"Overhire" - page 2

Hello all! So, I am a brand new RN, as of last month. I was offered a position at a local hospital this last March, for their nurse residency program. My orientation started Monday, and I just met... Read More

  1. by   Ruby Vee
    Quote from alh24
    Hello all!

    So, I am a brand new RN, as of last month. I was offered a position at a local hospital this last March, for their nurse residency program. My orientation started Monday, and I just met the charge nurse of the unit that I will be working on yesterday. I had only met the unit manager, previously. The charge nurse took me around with another new grad, that is starting with me. After the unit tour, she was just talking with us and said "oh, by the way, you're an overhire". Having never worked in the hospital setting before, I was not sure what this meant, so I just responded generally and then moved on. However, after reading about this, I am worried! I realize that I need to talk to my manager about this, but has anyone else here ever been an "overhire" and does this mean that everyone on the unit is really going to automatically not like me/going to give me a hard time? Because, basically, that is what it seems like (from reading other articles/blog posts). I was never told this during or after my interview/acceptance of the position. The other new grad working with me is not an overhire. I talked to an experienced nurse, who used to be a nurse manager and she stated that this charge nurse should have never told me that and that I should maybe look into changing units, if possible. Any other thoughts? I am worried!
    Whoa -- why would you jump into looking for the other nurses to not like you? Being an "over-hire" just means that the manager was allowed to hire you even though her FTEs were already full. There can be a number of reasons for this -- maybe you were such a great candidate that she just couldn't pass you up. Maybe she has 7 people applying anesthesia school so she knows that by the end of your orientation period, some of them will have submitted resignations and you'll be there, already trained and ready to slide into an empty slot. (That's how our unit operates -- people considering anesthesia school tell the manager, wait to see if they get accepted and then resign if they do. We always have several people in the pipeline (on orientation) to fill the spots. Not everyone gets into school, but there's a constant churning of staff and to stay fully staffed, we have to plan ahead.)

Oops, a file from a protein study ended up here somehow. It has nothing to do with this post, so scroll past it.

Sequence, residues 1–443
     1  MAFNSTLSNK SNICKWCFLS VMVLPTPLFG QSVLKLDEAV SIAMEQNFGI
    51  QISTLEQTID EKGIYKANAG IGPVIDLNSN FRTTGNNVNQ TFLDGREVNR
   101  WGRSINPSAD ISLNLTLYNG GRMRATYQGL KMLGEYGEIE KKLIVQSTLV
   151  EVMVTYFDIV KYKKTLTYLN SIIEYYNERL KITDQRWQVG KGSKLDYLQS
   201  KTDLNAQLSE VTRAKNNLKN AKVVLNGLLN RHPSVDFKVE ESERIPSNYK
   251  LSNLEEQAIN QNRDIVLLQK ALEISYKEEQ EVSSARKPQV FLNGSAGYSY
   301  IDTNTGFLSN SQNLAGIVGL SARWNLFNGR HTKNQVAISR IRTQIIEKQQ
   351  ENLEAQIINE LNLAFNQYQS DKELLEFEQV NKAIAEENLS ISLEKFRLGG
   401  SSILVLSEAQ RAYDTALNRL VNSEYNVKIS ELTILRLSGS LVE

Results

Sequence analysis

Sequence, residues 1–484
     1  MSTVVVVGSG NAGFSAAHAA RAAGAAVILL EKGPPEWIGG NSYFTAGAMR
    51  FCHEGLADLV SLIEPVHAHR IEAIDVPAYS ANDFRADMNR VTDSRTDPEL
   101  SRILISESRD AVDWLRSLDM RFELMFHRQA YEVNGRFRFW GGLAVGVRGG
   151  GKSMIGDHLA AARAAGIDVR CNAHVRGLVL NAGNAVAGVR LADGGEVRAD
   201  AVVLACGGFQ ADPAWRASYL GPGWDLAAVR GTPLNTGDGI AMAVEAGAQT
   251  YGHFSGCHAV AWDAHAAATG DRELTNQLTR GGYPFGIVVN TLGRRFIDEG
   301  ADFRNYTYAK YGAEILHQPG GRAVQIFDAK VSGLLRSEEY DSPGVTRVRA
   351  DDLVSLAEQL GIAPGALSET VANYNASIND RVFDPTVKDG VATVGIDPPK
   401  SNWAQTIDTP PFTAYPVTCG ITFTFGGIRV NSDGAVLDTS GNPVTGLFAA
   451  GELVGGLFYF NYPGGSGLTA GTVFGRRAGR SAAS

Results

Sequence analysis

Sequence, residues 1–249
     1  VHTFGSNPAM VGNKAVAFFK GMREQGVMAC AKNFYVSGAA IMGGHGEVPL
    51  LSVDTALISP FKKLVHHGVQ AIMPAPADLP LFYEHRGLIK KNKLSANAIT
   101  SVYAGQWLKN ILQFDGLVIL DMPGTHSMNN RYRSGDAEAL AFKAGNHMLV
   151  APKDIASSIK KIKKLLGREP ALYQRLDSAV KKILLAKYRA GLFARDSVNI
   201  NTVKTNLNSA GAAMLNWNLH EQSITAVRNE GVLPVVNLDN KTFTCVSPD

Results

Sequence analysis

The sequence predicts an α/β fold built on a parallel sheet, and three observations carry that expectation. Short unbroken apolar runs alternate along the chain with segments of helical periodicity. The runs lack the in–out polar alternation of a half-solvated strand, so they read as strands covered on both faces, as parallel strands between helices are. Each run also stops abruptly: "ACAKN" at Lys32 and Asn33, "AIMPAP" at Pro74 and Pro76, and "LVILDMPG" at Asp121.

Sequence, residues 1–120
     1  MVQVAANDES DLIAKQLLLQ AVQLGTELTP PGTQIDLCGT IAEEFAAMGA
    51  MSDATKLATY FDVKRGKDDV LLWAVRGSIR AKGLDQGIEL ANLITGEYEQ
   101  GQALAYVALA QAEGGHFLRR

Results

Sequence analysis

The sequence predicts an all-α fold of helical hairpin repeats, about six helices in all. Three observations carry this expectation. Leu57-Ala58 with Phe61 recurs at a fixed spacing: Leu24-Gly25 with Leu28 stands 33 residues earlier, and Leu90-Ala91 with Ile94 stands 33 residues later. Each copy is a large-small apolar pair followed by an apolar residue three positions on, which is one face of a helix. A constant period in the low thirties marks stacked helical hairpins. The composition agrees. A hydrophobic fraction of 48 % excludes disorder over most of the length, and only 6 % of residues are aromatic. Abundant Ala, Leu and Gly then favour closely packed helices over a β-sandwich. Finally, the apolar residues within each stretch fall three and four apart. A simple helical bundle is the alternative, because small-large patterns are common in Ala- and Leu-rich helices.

Perhaps the charge nurse shouldn't have told you that -- but I don't see that it was a malicious thing to have done. Probably just a new charge nurse bragging about having insider knowledge. Most likely, it doesn't change a thing. Go to work, learn as much as you can, and form great working relationships with your colleagues. Same as you would if you hadn't heard that.
  2. by   ~♪♫ in my ♥~
    Regardless of anything else, you're getting valuable experience and training which, after some time, will facilitate you getting another position if you so choose.

    Work hard, be helpful to all, and learn everything that you can from everyone that you can and don't stress about things beyond your control.
  3. by   cleback
    Personally, I would not want to be an "overhire" ... I know that happened to a few friends and after residency they had to wait until an actual position opened up on the unit... or were sent to another unit. In the meantime, it seemed like a lot of low census was offered to the staff. It seems kind of tenuous, but I guess not even a regular position is guaranteed.

    I mean, even if it's less than ideal to be an overhire, you're basically set for employment for at least the length of the residency program. Take it and soak up the experience. If worst case scenario happens and there isn't a position for you at the end, you still gained a paycheck and experience. Never bad for a new grad!
  4. by   DeeAngel
    As a professional, never pretend to understand terms when you don't.
  5. by   Ruby Vee
    Quote from DeeAngel
    As a professional, never pretend to understand terms when you don't.
    I cannot like this enough!
  6. by   alh24
    I agree with you. I did not think that I was coming off like that. I specifically said "it seems like" & that I planned to talk with my manager about it. That is actually why I wrote this post in the first place...because I am not sure.

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